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July 15 in German History

July 15, 1291

Death of Rudolf I in Limburg-im-Breisgau, Germany. Rudolf was the first King of the Germans from the Habsburg dynasty. He was elected German king in Frankfurt am Main and crowned at Aachen on October 24, 1273. Pope Gregory X recognized the position only on the conditions that he would renounce any rights in Italy and lead a crusade.

Poland and Lithuania defeat the Teutonic Knights at the Battle of Tannenberg. The Teutonic Knights was an order of Christian knights founded to spread and/or protect Christianity through military means. The full name of the order was, Haus der Ritter des Hospitals sankt Marien der Deutschen zu Jerusalem. They wore a white uniform with a black cross. In a very limited form the order still exists in Vienna, although the military aspect of the order has been gone for centuries.

July 15, 1458

Death of Bl. Bernhard von Baden (1428-1458). Bernhard von Baden was born near Baden-Baden, Germany in 1428. He was the margrave (Markgraf) of Baden but gave up his rights to lead a life dedicated to the church. He gave of his energy to initiate a crusade. A number of miracles were reported worked at his grave after his death. He was beatified in 1769 and the process of canonization was initiated in 1958.

July 15, 1704

Birth of August Gottlieb Spangenberg in Klettenberg-Hohenstein, Germany. A Pietist theologian. Rejected in Germany, he went to the United States and founded the North American branch of the religious movement, Unitas Fratrum.

July 15, 1809

Birth of Friedrich Henle in Fürth. Henle was an anatomist and pathologist, a teacher of Robert Koch. Henle published the theory that diseases were caused by living microscopic organisms. Henle was a professor at the University of Göttingen. One of Henle‘s most profound achievements was to establish microscopic anatomy into the curriculum of every medical student. His research focused on epithelium and its derivatives. He identified the endothelial layer in blood vessels, analysed the loop system in the kidney and described the root sheath of hair, which is important for its regeneration.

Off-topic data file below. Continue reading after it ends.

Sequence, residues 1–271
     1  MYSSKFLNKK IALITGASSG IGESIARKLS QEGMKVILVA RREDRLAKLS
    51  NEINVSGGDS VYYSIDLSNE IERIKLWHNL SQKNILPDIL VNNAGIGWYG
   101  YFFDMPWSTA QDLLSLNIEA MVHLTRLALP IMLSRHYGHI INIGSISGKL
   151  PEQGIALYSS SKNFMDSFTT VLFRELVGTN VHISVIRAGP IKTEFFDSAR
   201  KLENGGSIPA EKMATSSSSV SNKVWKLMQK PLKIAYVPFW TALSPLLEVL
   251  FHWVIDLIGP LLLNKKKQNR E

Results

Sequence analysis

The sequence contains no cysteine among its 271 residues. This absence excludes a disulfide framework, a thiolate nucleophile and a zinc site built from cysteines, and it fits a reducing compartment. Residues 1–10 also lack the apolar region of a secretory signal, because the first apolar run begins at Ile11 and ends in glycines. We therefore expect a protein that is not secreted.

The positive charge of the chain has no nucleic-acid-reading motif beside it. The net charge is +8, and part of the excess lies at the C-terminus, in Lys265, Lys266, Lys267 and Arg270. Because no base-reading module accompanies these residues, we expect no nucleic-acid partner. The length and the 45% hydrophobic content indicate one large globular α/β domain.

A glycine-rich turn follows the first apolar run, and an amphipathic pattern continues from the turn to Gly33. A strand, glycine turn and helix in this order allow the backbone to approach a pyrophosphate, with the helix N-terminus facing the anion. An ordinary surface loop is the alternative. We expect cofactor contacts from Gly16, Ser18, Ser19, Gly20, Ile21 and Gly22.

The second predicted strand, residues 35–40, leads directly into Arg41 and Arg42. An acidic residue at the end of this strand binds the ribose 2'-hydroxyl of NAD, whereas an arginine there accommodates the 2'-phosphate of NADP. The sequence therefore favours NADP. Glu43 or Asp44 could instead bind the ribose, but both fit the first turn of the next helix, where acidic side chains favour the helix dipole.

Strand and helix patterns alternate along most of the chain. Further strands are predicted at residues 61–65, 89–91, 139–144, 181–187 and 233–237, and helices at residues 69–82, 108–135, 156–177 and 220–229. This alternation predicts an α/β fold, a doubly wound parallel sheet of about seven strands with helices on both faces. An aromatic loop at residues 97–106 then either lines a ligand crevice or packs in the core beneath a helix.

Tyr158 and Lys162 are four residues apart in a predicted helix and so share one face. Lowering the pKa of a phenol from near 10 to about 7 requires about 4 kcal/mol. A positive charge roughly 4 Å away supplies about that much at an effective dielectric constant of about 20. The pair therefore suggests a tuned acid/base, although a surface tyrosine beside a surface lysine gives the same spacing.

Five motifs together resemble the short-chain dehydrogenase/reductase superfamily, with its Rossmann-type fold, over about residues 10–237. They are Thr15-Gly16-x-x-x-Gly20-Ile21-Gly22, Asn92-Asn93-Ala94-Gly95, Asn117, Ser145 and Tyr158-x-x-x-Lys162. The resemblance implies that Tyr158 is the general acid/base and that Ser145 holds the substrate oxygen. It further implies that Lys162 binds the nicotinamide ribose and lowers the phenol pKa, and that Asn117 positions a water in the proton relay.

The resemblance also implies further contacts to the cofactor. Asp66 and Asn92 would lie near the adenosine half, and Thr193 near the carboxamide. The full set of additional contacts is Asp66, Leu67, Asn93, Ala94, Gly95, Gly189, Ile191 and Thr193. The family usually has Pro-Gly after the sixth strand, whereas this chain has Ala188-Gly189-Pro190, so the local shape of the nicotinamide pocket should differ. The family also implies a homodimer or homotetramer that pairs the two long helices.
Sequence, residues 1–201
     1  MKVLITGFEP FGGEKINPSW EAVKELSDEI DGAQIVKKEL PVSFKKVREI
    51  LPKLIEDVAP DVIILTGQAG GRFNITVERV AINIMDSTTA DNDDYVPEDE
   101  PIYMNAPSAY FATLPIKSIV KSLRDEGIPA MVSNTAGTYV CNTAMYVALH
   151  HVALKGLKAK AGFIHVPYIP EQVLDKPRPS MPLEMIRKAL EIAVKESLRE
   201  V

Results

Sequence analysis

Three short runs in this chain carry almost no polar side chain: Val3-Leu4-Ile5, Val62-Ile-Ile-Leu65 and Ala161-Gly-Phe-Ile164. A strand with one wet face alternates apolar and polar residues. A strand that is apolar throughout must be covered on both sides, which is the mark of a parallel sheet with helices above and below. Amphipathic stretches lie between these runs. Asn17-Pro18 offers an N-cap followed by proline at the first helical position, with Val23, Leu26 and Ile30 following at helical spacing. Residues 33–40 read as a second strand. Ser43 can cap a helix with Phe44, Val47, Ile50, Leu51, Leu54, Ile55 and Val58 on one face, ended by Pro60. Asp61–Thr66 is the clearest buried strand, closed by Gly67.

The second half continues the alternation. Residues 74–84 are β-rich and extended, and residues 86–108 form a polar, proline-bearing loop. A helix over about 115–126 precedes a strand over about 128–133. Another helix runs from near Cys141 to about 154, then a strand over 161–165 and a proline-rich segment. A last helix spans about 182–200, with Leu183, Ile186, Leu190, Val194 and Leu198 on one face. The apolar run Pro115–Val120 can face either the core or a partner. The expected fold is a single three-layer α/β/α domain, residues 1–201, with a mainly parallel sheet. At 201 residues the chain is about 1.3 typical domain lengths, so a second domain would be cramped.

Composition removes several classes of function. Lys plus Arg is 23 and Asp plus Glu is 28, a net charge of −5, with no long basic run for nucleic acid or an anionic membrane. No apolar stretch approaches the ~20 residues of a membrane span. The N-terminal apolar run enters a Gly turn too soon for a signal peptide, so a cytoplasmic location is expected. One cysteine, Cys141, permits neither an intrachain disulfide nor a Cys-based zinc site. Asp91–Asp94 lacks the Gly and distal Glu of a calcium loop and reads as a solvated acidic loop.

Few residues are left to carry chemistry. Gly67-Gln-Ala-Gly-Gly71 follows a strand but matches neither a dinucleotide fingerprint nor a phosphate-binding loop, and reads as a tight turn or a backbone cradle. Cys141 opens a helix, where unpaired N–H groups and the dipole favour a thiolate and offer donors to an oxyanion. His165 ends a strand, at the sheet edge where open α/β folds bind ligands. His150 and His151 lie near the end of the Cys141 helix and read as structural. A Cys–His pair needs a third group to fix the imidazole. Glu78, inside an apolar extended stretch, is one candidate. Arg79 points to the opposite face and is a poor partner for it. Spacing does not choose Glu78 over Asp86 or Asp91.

July 15, 1857

Death of Carl Czerny in Vienna, Austria. Czerny was a pianist, teacher and composer. His pedagogical works are still widely used in piano instruction. He composed over 1,000 works.

July 15, 1904

The assembly of abstaining Germans began in Altona. Out of this assembly grew the Allgemeine Deutsche Zentralverband zur Bekämpfung des Alkoholismus (General German Central Association for the Fight against Alcoholism.)

July 15, 1926

The library of the University of Göttingen buys the manuscript of Gottfried August Bürger’s Lenore for 5,000 marks. The manuscript was purchased from a book dealer in Prague.

July 15, 1929

Death of Hugo von Hofmannsthal in Vienna, Austria. Hofmannsthal was a poet and dramatist who gained his greatest international note through his collaborations with the composer, Richard Strauss. Hofmannsthal wrote the texts to Elektra (1903), Der Rosenkavalier (1911), Ariadne auf Naxos (1912), and Arabella (1933). Other works by Hofmannsthal include Der Tor und der Tod (1893), Jedermann (1911), and Dasw Salzburger grosse Welttheater (1922). Hofmannsthal died of a heart attack brought on by distress after the suicide of his son Franz.

July 15, 1939

Death of Eugen Bleuler in Zollikon, Switzerland. Bleuler, a Swiss psychiatrist, introduced the term “schizophrenia” into the vocabulary of psychiatry (1908). He also introduced the concept of “autism”. He and his one-time assistant, Carl Jung, worked for a time with Sigmund Freud.

July 15, 1946

The Czech government announces that starting immediately 12,000 ethnic Germans per day will be removed to Germany.

July 15, 1955

Mainauer Kundgebung, meeting on an island in the Bodensee (Lake of Constance) takes place where 18 Nobel Prize winners including the Germans Otto Hahn and Werner Heisenberg sign an appeal to world governments, warning of the dangers of atomic war.

July 15, 1959

Death of Ernest Bloch in Portland, Oregon (born in Geneva, Switzerland). The musician immigrated to America. He is noted for post-romantic traditions and Jewish cultural and liturgical themes.

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